Barack Obama delivers passionate defense of equality in Nelson Mandela Lecture

Where you can watch Obama’s Nelson Mandela lecture online

Where you can watch Obama’s Nelson Mandela lecture online

Mandela was quoted at the time, stating: "I have spent 67 years of my life fighting for the betterment of people". Human beings do not live on bread alone. Chosen from almost 10,000 applications, the participants come from 44 countries, said Bernadette Meehan, the Obama Foundation's executive director of global relations.

Obama called for progressive economic taxation, arguing that there was "only so much [the wealthy] can eat". "There must be something they're just afraid of".

"You have to believe in facts".

"Don't you get a sense sometimes that people are so intent on putting people down and propping themselves up, they are small hearted?" he asked.

In a wide-ranging talk Obama decried "reactionary" and "strongman" politics, while calling for wider respect for the rights of women and an independent media.

On the importance of democracy, Obama said: "Madiba could have governed for the rest of his life - who would have opposed him?"

He said this was because on the African continent impunity still thrived while some "corrupt" were treated as sacred cows.However he also warned that the jury was still out on whether South Africa could totally weed out corruption in its ranks.

In another notable passage, Obama appeared to endorse a universal basic income, saying, "It's not just money that a job provides".

Many South Africans view Obama as a successor to Mandela because of his groundbreaking role and his support for racial equality in the U.S. and around the world. Mandela was founding member of the ANC and an anti-apartheid activist who served 27 years in prison, spending many of these years on Robben Island.

Tuesday's lecture was preceded by a panel discussion that featured former President Sirleaf, Kofi Annan and the former Foreign Affairs Minister of Algeria, Lakhdar Brahimi at the Obama Foundation gathering of young African leaders. He continues to inspire the world through his example of courage and compassion. "Look around", he said, during the event marking the 100th anniversary of the anti-apartheid revolutionary's birth.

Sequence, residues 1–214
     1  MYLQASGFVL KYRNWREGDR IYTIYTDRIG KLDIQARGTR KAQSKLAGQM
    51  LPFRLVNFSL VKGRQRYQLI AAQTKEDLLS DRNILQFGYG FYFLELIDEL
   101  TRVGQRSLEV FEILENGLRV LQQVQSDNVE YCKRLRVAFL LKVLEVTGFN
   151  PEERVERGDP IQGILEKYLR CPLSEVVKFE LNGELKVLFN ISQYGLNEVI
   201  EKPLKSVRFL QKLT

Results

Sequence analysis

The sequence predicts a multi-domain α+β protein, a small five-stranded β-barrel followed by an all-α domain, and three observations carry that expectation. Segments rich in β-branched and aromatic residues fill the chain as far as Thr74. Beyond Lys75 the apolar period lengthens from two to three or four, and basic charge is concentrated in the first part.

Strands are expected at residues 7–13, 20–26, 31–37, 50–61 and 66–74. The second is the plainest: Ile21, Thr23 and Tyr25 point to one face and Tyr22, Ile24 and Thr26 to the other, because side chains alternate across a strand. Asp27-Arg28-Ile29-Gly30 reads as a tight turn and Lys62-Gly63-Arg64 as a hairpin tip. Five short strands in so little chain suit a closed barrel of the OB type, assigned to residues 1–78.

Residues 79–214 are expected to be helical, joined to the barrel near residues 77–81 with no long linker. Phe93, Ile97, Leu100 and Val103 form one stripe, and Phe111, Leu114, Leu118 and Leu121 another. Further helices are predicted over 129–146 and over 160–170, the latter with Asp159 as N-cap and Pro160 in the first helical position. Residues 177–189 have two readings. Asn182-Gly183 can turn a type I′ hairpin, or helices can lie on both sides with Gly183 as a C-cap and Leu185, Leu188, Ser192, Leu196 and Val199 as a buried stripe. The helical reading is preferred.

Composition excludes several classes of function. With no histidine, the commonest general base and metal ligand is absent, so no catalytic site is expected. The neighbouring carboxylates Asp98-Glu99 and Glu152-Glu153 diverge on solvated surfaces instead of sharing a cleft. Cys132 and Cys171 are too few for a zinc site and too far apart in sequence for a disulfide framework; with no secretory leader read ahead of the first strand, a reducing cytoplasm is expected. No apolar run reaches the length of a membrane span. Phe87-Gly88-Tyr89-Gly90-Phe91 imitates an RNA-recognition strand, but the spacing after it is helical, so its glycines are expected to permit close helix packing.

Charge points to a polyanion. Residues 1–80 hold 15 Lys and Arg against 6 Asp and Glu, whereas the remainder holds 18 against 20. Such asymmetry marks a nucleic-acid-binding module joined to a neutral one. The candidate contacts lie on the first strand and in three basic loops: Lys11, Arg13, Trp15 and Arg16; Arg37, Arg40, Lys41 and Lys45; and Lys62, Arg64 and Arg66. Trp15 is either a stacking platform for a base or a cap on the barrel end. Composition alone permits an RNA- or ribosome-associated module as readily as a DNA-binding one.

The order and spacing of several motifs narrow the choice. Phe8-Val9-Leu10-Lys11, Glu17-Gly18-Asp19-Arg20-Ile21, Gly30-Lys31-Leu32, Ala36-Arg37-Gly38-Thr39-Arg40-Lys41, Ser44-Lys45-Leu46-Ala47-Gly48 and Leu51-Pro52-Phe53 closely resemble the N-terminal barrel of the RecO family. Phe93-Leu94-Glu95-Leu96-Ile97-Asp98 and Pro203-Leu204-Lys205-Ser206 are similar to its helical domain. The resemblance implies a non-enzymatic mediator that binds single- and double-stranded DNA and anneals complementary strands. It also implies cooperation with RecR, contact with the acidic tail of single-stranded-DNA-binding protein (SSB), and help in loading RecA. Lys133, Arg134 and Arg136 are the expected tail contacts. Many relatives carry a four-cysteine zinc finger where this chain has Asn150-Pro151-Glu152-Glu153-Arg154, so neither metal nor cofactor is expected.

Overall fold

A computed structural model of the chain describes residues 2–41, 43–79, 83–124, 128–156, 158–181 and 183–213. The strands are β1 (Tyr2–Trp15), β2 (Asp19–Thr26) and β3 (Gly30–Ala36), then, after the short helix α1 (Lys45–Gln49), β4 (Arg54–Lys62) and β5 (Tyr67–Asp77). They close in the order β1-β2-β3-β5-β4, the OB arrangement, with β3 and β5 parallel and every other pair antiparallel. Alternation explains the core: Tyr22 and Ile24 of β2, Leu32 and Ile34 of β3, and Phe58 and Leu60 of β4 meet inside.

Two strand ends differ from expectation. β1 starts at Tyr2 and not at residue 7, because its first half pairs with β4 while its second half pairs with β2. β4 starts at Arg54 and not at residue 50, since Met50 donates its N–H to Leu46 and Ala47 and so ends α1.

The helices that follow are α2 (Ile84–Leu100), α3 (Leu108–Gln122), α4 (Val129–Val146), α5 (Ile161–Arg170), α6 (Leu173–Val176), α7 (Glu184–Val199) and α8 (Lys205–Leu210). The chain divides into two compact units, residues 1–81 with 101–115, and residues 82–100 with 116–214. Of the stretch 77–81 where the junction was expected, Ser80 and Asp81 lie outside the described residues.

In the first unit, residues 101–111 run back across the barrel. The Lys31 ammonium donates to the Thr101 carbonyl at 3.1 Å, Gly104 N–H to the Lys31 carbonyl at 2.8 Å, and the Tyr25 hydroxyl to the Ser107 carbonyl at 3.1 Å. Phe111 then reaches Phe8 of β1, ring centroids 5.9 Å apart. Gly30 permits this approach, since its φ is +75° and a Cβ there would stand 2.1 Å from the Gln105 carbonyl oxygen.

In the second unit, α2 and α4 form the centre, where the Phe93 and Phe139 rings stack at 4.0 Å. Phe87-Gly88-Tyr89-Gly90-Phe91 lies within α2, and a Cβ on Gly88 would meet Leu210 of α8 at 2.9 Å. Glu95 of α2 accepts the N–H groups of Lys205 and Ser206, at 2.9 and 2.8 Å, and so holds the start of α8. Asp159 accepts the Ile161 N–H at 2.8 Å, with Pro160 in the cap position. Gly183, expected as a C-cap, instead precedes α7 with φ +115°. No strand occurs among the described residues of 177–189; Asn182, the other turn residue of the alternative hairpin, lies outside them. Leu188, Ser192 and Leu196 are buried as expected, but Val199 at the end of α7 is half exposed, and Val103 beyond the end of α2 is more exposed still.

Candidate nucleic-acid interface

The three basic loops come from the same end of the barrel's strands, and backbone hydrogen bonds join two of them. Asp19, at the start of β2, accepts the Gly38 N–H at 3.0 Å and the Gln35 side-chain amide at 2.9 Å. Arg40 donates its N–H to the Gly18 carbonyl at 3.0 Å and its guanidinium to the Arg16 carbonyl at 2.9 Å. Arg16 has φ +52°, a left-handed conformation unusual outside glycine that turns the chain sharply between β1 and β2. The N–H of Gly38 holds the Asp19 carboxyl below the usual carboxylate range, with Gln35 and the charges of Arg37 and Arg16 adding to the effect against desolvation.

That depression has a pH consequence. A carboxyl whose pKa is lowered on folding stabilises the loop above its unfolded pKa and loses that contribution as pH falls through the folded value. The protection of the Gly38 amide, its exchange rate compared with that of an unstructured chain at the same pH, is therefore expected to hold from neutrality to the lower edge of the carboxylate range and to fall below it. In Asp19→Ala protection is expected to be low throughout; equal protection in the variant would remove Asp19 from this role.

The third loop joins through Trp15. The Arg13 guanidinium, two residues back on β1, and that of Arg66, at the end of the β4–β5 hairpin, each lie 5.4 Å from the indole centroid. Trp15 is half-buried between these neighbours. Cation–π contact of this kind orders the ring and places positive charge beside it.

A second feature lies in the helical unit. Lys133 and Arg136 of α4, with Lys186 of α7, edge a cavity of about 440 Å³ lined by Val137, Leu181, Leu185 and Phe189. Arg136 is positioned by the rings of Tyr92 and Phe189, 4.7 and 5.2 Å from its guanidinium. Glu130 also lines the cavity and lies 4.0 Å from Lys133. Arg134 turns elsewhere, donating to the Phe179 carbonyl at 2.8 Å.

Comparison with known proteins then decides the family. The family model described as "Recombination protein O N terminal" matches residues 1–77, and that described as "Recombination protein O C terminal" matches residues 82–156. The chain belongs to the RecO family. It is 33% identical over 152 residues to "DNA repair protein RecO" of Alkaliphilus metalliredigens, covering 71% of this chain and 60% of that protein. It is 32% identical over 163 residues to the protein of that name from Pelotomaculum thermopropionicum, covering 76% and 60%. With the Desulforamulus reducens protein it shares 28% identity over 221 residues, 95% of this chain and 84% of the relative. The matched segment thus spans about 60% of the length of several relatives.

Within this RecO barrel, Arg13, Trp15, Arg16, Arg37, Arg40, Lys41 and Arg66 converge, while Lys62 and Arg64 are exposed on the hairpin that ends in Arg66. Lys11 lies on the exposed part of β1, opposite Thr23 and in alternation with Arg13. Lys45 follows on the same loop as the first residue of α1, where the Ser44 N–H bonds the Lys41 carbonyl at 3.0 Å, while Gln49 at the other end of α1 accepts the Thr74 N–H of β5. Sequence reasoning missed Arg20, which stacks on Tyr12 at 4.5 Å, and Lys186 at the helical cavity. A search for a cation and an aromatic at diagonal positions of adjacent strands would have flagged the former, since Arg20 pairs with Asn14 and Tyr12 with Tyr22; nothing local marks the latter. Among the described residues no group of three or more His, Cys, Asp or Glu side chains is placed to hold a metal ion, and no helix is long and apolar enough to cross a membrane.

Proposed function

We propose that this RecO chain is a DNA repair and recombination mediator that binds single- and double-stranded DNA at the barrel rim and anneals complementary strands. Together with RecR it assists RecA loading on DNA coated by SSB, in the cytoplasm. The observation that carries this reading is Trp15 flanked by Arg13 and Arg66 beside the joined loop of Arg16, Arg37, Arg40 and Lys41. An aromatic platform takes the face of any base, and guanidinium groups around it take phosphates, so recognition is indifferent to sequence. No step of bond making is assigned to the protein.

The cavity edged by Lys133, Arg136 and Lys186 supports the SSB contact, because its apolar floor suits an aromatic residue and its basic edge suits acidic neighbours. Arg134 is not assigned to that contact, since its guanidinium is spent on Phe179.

"Dictatorships began to give way to democracies. That's what I believe", Obama said.

"To add to the problem: "[Globalisation] has made it easier for capitalists to avoid tax laws.

"The world's most prosperous and successful societies, the ones with the highest living standards, the highest levels of satisfaction among their people, happen to be those which have most closely approximated the liberal progressive ideal that we talk about", Obama argued. The challenge, he said, was "the power of fear ... the lasting hold of greed, the desire to dominate others, in the minds of many - especially men".

"Just as people spoke about the triumph of democracy in the 90s, people now are talking about the triumph of tribalism and the strong man".

Speaking to a crowd of 15,000 people at a Johannesburg cricket stadium to mark what would have been Nelson Mandela's 100th birthday, Obama recounted human progress over the last century, lauding the advancements that have been made on social, racial, and economic issues in America and overseas.

The first was when Obama took centre stage.

In honour of Mandela and the sacrifices he made, President Cyril Ramaphosa has promised to donate half of his salary to charity. Mandela died aged 95 on December 5 2013. After his release, Mandela went on to lead the ANC to victory in the first democratic elections in 1994.

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